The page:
Taylor Downs

Taylor Downs portrays M.M. Neely at a celebration of Fairmont’s bicentennial Sunday at First Presbyterian Church.

FAIRMONT – Attendees of First Presbyterian Church’s Sunday service got to hear from some historical figures of Fairmont’s past.

Historians and Fairmont officials portrayed real people like Boaz Fleming, Francis H. Pierpont, Maria Hall and Margaret Decker at the service, as a salute to them to celebrate Fairmont’s bicentennial birthday.

“We’re able through seven people to reflect 200 years of Fairmont’s history,” said Rev. D.D. Meighen, one of the facilitators of the event. “I think it’s going to be exciting because each of these characters will bring a little bit about themselves and also the history of the times they represent.”

Meighen said the celebration was planned to align with Main Street Fairmont’s plans for Fairmont’s 200th birthday, which organized to have commemorative events for every month of the year. Meighen said he wanted to get the celebration started by first giving a history lesson to the residents of Fairmont, so they could get a sense of the events that led to present-day Fairmont.

“We decided to be a part of the 200th celebration of the city,” Meighen said. “Because the heritage of First Presbyterian has been deeply involved in the life of the city and in the life of the state.”

John O’Connor portrayed Boaz Fleming at the service and detailed the founding of Marion County, and the area known as Middletown which eventually came to be called Fairmont.

“This property was in Monongalia County, and my brother Ben purchased a large plot of land to the south in Harrison County,” O’Connor said as Fleming. “For several years, I traveled over 100 miles a year to pay my property taxes at the Monongalia County Courthouse, and Ben’s property taxes in the Harrison County Courthouse.”

O’Connor, speaking as Fleming, relayed this story as the reason for his founding of Middletown. Having purchased land in between Mon and Harrison Counties, he wanted an easier way to pay his taxes. While he failed to gain the support to establish a midway county, Fleming did manage to spur the beginnings of Fairmont, through the founding of Middletown.

“We need to go back to 1817 when my sons and I started clearing 40 acres of my 254 to start planning for a town,” O’Connor said. “On Jan. 19, 1820, Virginia General Assembly legally incorporated the town naming it, at my request, Middletown.”

Following O’Connor’s address, other people portrayed pieces of Fairmont’s history, including Nancy Jones as Maria Hall, Daniel Weber as Francis H. Pierpont, Taylor Downs as M.M. Neely and Ruth Martin as Margaret Decker.

While these individuals told the story of Fairmont’s history up to the 1970s, there were people present at the church Sunday who had lived through the recent period of Fairmont history and discussed more the times from 1970 to now. Earl Straight Jr. spoke about his father, former Fairmont council member and mayor Earl Straight Sr., who was elected as the first mayor of Fairmont.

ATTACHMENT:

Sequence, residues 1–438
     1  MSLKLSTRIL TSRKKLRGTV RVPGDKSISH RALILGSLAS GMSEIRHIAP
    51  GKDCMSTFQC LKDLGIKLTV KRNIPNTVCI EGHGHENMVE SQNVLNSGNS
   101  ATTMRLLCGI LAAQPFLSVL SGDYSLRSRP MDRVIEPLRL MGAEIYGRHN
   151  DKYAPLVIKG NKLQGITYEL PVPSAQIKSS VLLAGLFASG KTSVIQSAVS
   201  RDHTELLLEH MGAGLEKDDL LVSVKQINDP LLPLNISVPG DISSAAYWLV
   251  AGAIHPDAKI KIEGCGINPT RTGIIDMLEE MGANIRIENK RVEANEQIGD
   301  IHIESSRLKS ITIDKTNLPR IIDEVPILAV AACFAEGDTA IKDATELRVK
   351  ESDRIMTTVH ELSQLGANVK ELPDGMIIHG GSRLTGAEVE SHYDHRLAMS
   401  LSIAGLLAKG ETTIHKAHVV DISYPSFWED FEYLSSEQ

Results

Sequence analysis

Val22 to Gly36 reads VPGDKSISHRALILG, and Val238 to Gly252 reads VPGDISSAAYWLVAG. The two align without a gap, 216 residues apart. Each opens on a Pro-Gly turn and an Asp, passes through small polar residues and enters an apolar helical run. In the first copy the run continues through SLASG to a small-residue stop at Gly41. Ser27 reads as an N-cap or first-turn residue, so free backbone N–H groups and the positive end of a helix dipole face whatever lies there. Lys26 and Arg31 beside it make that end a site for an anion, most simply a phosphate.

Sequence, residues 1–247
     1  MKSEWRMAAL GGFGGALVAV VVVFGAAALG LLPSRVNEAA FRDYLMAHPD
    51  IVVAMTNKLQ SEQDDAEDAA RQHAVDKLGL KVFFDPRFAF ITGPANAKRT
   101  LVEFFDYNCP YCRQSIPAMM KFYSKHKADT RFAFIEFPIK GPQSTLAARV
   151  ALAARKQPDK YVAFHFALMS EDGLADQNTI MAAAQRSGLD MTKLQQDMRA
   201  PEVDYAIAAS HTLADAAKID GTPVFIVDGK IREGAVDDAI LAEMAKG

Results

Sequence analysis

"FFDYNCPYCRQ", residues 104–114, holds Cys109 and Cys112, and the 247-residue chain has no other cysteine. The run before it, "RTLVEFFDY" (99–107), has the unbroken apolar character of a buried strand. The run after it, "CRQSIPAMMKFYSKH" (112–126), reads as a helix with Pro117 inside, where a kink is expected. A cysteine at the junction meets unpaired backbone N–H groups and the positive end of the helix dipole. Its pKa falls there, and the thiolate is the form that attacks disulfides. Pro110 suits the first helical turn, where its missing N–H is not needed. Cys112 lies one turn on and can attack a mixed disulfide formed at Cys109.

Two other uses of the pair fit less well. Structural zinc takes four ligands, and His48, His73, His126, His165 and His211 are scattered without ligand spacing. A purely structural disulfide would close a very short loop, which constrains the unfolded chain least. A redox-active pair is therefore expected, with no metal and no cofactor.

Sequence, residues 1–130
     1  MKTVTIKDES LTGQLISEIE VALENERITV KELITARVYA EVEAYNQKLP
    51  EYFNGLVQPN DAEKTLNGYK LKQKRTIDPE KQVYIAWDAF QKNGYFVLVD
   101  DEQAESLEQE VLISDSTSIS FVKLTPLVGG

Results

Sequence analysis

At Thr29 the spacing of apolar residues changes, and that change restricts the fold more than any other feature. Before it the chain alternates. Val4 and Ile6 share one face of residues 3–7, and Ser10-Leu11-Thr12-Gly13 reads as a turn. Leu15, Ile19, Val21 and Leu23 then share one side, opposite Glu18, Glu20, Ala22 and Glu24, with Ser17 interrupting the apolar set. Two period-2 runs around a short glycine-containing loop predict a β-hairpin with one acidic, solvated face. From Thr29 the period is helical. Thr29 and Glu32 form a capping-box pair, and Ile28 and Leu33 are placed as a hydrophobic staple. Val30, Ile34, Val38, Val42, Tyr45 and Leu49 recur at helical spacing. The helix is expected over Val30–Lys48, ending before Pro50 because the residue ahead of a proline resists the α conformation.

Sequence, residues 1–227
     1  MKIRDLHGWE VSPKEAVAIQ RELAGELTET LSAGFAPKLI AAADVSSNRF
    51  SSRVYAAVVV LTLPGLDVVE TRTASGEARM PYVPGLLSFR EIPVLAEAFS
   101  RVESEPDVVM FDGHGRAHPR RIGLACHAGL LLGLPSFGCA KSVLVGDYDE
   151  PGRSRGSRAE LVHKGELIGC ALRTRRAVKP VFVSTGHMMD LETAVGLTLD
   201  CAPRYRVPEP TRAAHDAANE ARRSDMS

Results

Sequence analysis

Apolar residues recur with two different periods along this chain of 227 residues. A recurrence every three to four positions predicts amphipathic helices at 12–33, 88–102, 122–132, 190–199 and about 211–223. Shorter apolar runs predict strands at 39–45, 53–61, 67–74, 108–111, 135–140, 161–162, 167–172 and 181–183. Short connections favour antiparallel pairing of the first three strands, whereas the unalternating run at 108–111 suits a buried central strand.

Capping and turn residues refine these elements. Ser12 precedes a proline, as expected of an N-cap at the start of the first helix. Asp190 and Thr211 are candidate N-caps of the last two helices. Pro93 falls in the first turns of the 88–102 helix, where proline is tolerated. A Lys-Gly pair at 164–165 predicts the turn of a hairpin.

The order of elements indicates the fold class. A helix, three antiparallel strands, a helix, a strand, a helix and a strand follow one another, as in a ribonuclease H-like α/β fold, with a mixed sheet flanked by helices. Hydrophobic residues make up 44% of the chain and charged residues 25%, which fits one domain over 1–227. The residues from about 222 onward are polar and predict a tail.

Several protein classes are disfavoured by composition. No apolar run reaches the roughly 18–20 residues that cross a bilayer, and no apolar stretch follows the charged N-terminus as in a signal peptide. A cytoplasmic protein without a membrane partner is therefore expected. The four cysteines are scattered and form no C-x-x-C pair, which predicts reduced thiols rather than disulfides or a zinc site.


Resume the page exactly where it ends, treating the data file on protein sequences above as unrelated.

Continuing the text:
“My father decided to run for city council and served two four-year terms from August of 1977 to Dec. 31, 1984,” Straight Jr. said. “He was also selected to be the first mayor of this new form of government, and he served in that position from August of ‘77 to 1978.”

Another former Fairmont mayor, Ron Straight, spoke as himself about the period from 2000 to the present day, and some bills and bylaws that have been passed by city council in that time. He mentioned the Human Rights Commission as one of the city’s most recent changes.

“One of our best accomplishments is the Human Rights Commission, we just enacted that in 2017,” Straight said. “It is the public policy of the city to safeguard the right and opportunity of all citizens to be free from all forms of discrimination and to provide for an inclusive – again, inclusive – environment.”

Following the service, Meighen invited everyone to speak with him and one another and to view the historical displays set up around the church. He said he was happy to help start off the bicentennial celebration, and also said that he will likely be involved in more events this year.

“We felt this would be a nice start to get it all rolling here,” Meighen said. “We’re working on some other plans right now.”

Email Eddie Trizzino at etrizzino@timeswv.com and follow him on Twitter @eddietimeswv.

Email Eddie Trizzino at etrizzino@timeswv.com and follow him on Twitter at @eddietimeswv.

News Reporter

Eddie Trizzino has been a reporter with the Times West Virginian since August of 2017, covering the entertainment, business and health beats. He spends most of his time listening to records, going to the movies and strolling through the town.

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